Garden of Evil: Henry Hathaway Western Starring Gary Cooper and Susan Hayward

Garden of Evil, directed by Henry Hathaway, was Gary Cooper’s eighty-first film, and it reunited him with Susan Hayward, with whom he had co-starred in Beau Geste, back in his Paramount days.

While stranded in a Mexican fishing village, Hooker (Gary Cooper), Fiske (Richard Widmark), and Daly (Cameron Mitchell), soldiers of fortune bound for the California gold mines, are approached by a mysterious American woman named Leah Fuller (Hayward) for help. She is willing to pay them if they escort her through hazardous Indian territory to rescue her husband (Hugh Marlowe), who is trapped in a gold mine cave-in.

The trio agrees and, with a Mexican guide, they begin their arduous journey. Leah discovers the Mexican marking trails and, late one night, she fights against Daly’s crude advances. Despite rising tensions, however, the journey continues, and the group arrives at what the Indians call “the Garden of Evil,” a sacred site atop a high mountain where the mine is located.

Upon finding Fuller, they realize that the angry Indians are about to attack. After an operation on the wounded Fuller, the trip continues, but he’s the first to get killed by the Indians, followed by Daly, and the Mexican. Hooker and Fiske then draw cards to determine who will take Leah to safety, and who will stay to cover their escape. Hooker and Leah leave together, and she tells him that Fiske had cheated. Hooker returns, only to find Fiske dying among the bodies of the Indians he had slain.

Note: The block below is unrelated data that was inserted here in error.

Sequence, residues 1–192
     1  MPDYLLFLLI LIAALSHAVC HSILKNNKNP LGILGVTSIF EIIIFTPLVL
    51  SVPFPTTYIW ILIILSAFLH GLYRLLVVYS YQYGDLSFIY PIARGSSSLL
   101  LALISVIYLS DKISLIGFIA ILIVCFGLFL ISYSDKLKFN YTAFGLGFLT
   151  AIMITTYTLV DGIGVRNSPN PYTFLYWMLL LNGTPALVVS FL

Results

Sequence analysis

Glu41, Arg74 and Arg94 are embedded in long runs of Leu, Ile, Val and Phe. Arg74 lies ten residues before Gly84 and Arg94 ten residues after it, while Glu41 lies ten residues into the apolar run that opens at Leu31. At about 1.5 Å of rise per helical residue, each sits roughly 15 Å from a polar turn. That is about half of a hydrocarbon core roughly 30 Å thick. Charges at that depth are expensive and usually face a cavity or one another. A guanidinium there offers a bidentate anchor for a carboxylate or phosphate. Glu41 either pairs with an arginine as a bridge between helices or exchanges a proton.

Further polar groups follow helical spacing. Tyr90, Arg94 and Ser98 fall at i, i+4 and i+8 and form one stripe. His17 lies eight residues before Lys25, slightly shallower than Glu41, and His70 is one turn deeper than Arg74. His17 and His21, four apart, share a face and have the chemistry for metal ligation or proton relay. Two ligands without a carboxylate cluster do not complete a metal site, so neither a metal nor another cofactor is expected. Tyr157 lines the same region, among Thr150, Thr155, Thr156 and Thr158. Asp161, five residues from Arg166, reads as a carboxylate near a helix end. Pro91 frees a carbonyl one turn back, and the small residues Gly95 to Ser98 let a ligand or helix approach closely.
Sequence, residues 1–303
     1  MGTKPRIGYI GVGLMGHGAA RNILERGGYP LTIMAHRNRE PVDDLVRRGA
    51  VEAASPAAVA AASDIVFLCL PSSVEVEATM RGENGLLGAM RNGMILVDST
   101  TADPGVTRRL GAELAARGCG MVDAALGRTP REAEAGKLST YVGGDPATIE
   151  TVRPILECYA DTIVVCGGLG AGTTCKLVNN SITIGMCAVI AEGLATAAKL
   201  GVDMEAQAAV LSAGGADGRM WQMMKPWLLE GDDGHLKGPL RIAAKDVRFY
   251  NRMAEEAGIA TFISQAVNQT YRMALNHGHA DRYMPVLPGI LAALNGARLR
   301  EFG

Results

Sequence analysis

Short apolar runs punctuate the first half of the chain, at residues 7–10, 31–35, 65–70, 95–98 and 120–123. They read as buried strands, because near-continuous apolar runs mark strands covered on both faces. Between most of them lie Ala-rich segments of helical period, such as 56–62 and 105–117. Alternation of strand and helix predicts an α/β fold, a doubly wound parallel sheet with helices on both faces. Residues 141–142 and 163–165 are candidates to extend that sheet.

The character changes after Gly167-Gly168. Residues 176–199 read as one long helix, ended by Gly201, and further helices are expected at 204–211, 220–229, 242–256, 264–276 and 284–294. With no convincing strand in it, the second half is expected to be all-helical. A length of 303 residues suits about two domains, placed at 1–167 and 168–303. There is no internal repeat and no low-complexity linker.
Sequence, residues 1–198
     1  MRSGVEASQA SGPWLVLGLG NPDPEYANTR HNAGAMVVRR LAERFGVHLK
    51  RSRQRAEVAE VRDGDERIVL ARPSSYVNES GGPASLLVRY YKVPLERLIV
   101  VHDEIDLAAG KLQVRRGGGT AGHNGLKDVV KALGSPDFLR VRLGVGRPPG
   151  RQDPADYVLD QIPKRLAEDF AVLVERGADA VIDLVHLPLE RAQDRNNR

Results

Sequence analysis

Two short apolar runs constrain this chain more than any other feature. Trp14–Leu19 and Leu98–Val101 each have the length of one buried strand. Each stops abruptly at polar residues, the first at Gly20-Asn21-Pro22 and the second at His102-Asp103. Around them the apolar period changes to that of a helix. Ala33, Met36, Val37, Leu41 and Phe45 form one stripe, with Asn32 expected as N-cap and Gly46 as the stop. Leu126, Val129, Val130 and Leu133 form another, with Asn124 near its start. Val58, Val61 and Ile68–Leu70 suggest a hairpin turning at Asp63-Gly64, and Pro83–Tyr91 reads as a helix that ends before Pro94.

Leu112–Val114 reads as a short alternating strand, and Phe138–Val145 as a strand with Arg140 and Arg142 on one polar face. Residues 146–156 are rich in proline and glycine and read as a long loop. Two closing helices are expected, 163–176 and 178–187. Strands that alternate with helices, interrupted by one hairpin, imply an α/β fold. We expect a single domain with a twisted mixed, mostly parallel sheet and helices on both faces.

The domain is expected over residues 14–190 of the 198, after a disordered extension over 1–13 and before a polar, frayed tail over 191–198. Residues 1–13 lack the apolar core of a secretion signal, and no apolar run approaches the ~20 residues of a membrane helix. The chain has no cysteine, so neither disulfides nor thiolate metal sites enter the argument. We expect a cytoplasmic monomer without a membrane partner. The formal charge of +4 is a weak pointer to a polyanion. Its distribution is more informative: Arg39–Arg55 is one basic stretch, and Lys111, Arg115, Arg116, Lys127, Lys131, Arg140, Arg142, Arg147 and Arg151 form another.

Always a pro, Hathaway gave the film the right look and pace, but Frank Fenton’s screenplay, from a story by Fred Freiberger and William Tunberg, left a lot to be desired. The conflicts are predictable and could be anticipated long before they occur. Nonetheless, the film’s production values, particularly Milton Krasner and Jorge Stahl’s Technicolor Cinematography, were impressive. The gifted musician Bernard Herrmann, then at the height of his career working for Hitchcock, contributed another striking and unsettling score.

If you look carefully, you can spot the very young Rita Moreno as a cabaret singer.

There are two songs in the movie: “La Negra Noche” by Emilio Uranga, and “Aqui,” by Ken Darby and Lionel Newman.

Hayward, who’s harsh as nails, made the film at the height of her popularity, just before the melodramas I’ll Cry Tomorrow and I Want to Live!, which would win her the Best Actress Oscar in 1958. Though not one of Hathaway’s best films, “Garden of Evil” is reliably entertaining and a typical Western of its era.

Share this:
Share this page via Email Share this page via Stumble Upon Share this page via Digg this Share this page via Facebook Share this page via Twitter